Friday, May 23, 2014
Heidi Mitchell, Wall Street Journal contributor, talks about the increasing popularity of toddler story time at public libraries in the city. While libraries are expanding programming to meet the demand, some branches have had to resort to ticketing systems for crowd control for the free programs.
Monday, June 24, 2013
Molly Ball, political reporter for The Atlantic, rounds up the political news from Washington, including immigration reform and the Farm Bill. Plus: your local library may have more resources than you thought for both job hunters and entrepreneurs; Philip Mudd, formerly of the CIA and FBI and now research fellow at the New America Foundation, talks about how federal agencies worked together on counterterrorism over the last decade; and the Supreme Court is nearing its deadline to decide major cases – we’ll open the phones to get your analysis and reaction.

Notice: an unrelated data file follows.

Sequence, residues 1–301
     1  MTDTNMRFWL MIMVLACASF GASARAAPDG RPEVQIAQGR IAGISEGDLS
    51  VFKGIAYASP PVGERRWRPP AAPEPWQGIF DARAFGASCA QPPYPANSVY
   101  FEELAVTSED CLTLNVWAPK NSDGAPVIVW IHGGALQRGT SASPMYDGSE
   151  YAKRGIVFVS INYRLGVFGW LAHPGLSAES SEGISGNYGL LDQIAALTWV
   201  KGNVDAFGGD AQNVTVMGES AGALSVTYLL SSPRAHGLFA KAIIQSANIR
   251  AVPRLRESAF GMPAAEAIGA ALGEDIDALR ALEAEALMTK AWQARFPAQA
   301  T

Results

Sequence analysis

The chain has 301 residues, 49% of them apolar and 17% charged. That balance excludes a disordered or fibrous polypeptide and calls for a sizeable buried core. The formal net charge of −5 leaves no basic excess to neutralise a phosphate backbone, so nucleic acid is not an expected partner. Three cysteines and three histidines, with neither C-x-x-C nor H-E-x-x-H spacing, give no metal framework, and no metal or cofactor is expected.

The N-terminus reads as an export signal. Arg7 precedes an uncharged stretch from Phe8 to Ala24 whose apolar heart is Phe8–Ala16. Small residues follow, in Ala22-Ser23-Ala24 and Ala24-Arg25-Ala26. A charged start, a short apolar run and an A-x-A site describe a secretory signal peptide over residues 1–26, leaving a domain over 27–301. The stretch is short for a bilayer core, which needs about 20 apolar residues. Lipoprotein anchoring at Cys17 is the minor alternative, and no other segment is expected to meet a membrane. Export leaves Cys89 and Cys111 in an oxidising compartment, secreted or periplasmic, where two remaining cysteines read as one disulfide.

Monday, June 10, 2013
Michael Hirsch of National Journal discusses the continued NSA surveillance fallout, and President Obama's first meeting with Chinese President Xi Jinping. Plus: mayoral candidate Bill de Blasio; former Microsoft India chairman Ravi Venkatesan on the country's value as a testing ground for multinational businesses; how NYC public library programs help immigrants; and your tributes to Nelson Mandela.
Tuesday, June 12, 2012
By Jim O'Grady
(New York, NY - WNYC) New York's Lost Subways loom large in the mind for things that aren't there.
Our January post, map and radio feature about the city's "ghost system" of never-built or abandoned lines sparked a robust public reaction. More than 5,700 TN readers talked them up on social media. And that fearsome cultural arbiter, New York Magazine's Approval Matrix, placed us not in the page's Lowbrow / Despicable quadrant -- where we always thought we'd end up -- but the Highbrow / Brilliant quadrant.
Best of all, New York Public Library took notice and invited us to cross the threshold of the esteemed Mid-Manhattan branch and give an illustrated talk about our lost subways research -- where they would've gone and why they weren't built -- and how tricky it was to come up with the post's cool interactive map.
Come by to say hello! And comment below to let us know where you'd build a new subway.